Honda dé Mexico reached a record production last year, following the opening of its new plant at Celaya"The management, including myself, must lead in changing our mindset, and every associate needs to change their perception and the way they work,” said Honda CEO Takahiro Hachigo at a news conference in Tokyo last March. “We need to realise a renovation of Honda’s manufacturing.” To some, Hachigo’s comments seemed curious. After all, its key US market was strong and Honda was breaking sales and production records in North America. But a realignment of several exchange rates and projections of where the main global growth will be in the next decade mean that the Japanese OEM cannot take a business-as-usual approach.
One of the main shifts in its North American manufacturing operations will be the transfer next year of the CR-V from Mexico to the US. In 2015, Honda’s El Salto plant in Jalisco built 63,126 vehicles – all of this model. The newer Celaya factory in Guanajuato, meanwhile, produced a combined total of 144,659 units of the smaller Fit hatchback and HR-V crossover SUV. An overall output of 207,785 vehicles was a new record for Honda dé Mexico (HdM).
Even though production records were set, the Celaya plant, which opened in 2014 and employs close to 3,000 workers, is still far from its 200,000-unit annual capacity. Designed to make fuel-efficient sub-compact models, it may yet take some years to reach this number due to the low price of petrol; the Fit sells well enough, but Honda’s larger, bigger-engined SUVs such as the CR-V are proving more popular.
Last year, El Salto and Celaya together produced 207,785 vehicles – a new record for Honda dé Mexico
Honda’s newest North American vehicle plant is spread over 5.66m sq.m near Celaya and lies 338km east of El Salto. It features the following high-tech capabilities: a high-speed servo stamping press and die change process, boosting efficiency by 40%; a highly efficient general welder system to join body panels, significantly reducing the number of welding robots (although the total number of weld points has risen); a three-coat/two-bake, water-based paint process instead of the traditional four-coat/three-bake method, decreasing energy consumption in the paintshop by approximately 40%; reduced heavy-lifting processes, increased in-plant sub-assembly and other strategies enabling the more precise and efficient assembly of both the Fit and the HR-V; and light-emitting diodes throughout the factory to cut energy use.
Meanwhile, El Salto produces motorcycles and automotive parts, in addition to the CR-V, for which it has a capacity of 63,000 – the level it has been operating at for several years. El Salto, which actually built slightly more than its official capacity in 2015, cannot keep up with demand for the CR-V and so production is being transferred to the far larger Greensburg plant in Indiana. The CR-V continues to rival the Toyota RAV4 for the topselling SUV slot in the US, but the smaller HR-V is also climbing up the sales charts. Along with the Fit hatchback, the HR-V is proving a good performer in Mexico, a market in which Honda is increasingly strong.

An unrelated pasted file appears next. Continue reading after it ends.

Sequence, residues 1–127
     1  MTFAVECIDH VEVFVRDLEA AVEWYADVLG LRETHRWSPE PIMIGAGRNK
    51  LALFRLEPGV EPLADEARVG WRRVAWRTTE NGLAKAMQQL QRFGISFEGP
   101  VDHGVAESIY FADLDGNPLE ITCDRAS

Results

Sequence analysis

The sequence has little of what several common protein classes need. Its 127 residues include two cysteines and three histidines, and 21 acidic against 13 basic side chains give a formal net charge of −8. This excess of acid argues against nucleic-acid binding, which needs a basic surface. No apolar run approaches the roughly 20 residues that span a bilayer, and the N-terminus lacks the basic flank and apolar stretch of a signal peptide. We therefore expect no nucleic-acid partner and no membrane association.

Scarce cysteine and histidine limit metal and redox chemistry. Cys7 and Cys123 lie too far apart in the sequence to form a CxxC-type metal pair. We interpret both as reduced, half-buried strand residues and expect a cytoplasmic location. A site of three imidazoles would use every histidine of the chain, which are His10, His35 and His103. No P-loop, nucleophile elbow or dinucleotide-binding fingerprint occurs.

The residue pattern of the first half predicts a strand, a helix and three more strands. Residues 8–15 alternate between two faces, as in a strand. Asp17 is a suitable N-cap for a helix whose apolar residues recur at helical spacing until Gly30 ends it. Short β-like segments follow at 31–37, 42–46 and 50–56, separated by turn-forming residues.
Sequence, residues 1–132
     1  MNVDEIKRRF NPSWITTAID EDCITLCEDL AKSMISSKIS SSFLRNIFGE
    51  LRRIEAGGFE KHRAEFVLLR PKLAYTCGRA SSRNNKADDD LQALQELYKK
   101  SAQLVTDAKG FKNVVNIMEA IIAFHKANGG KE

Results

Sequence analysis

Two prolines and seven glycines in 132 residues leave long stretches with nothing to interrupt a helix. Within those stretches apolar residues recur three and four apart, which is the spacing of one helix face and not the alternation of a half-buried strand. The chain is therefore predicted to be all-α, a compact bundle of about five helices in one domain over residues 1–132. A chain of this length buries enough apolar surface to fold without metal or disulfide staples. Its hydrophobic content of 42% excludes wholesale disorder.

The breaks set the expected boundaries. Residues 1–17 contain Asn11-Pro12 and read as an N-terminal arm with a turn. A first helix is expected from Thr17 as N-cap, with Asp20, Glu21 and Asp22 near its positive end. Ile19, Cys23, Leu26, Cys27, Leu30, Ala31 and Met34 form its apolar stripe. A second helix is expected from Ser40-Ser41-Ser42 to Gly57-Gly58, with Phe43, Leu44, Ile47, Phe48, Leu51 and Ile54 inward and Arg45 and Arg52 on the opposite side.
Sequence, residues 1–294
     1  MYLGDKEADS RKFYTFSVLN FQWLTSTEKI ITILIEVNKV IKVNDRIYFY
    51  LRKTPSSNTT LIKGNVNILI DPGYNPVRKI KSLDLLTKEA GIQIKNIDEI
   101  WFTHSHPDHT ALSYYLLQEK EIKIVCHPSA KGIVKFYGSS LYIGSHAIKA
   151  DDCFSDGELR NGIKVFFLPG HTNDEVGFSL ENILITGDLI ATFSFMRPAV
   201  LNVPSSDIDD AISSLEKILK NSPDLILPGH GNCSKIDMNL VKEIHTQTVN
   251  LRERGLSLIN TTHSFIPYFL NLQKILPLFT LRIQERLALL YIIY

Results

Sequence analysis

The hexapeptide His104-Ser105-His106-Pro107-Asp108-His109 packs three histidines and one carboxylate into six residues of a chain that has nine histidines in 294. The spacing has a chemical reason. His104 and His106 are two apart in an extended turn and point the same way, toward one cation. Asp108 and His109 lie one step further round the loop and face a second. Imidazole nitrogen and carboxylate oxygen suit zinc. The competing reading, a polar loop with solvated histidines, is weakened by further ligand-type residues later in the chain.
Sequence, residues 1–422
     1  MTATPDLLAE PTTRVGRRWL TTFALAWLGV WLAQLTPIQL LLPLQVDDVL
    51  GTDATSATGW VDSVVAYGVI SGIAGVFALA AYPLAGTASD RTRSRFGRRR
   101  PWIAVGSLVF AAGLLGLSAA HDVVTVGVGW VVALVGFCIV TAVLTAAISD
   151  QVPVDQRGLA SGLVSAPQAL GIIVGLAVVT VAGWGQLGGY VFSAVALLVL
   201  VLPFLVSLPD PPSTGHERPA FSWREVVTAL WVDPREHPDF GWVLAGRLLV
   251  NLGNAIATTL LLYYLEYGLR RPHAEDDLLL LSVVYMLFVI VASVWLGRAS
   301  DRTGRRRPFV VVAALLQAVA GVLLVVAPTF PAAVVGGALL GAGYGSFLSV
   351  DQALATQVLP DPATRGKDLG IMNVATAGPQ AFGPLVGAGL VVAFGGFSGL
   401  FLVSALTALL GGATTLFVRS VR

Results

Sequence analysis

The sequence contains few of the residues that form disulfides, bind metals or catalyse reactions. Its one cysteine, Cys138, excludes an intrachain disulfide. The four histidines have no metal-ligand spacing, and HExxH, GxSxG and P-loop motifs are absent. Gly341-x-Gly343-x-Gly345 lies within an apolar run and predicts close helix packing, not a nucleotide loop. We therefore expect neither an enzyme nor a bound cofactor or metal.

In 2012, Honda sold 54,000 units in Mexico, up more than 150% from 2011, and sales have been rising ever since. By July 2016, local market deliveries were just above 47,000, growing at a year-on-year rate of 24% and likely to be in the region of 90,000 vehicles by year end. The CR-V, Fit and HR-V are the brand’s bestsellers and help to maintain Honda’s 2015 achievement of building 99% of its top-performing models in the Americas at plants in the US, Canada or Mexico.
Changing the production footprintThe existing CR-V and the HR-V use different platforms, so converting El Salto to build the smaller of these two SUVs will not be straightforward and cannot happen until 2017. What this will do though, is give all of HdM’s vehicle and transmission plants a boost, as continued strong demand for the HR-V in all North American markets will be easier to meet. Summarising the scheduled production moves for 2017, Honda Manufacturing of Indiana (HMIN), which already builds the Civic sedan, will gain CR-V production, while the CR-V will continue to be produced at the East Liberty Auto Plant, Ohio, and at Alliston 2 in Ontario, Canada; the CR-V will be lost at El Salto, which will only make the HR-V; both El Salto and Celaya will produce the HR-V. Honda will not say if capacity at El Salto will be increased, but this seems likely.
Following a scheduled mid-life refresh, the replacement for the HR-V (Honda Vezel in some countries) is expected to appear in 2019. As well as at El Salto and Celaya, global manufacture – or in some cases assembly – will probably take place at the same plants which make the existing vehicle: Yorii in Japan; Wuhan 1, Dongfeng Honda and ZengCheng 1, Guangqi Honda in China; Sumaré in Brazil; and Campana in Argentina.
The fourth-generation Fit (Jazz) small car is, like the next HR-V, still three years away. Celaya will commence building a face-lifted car during 2017 as the existing 2TF series model passes the middle of its lifecycle. The next Fit is due to roll off the line at Celaya in 2020. This will be within six months of production commencing at Yorii, which will again be the lead global manufacturing location. Fit 4 will feature an evolution of the platform used for the current Civic (development code: 2SV), next Accord (3GA), future Acura RDX (2DU) and other models.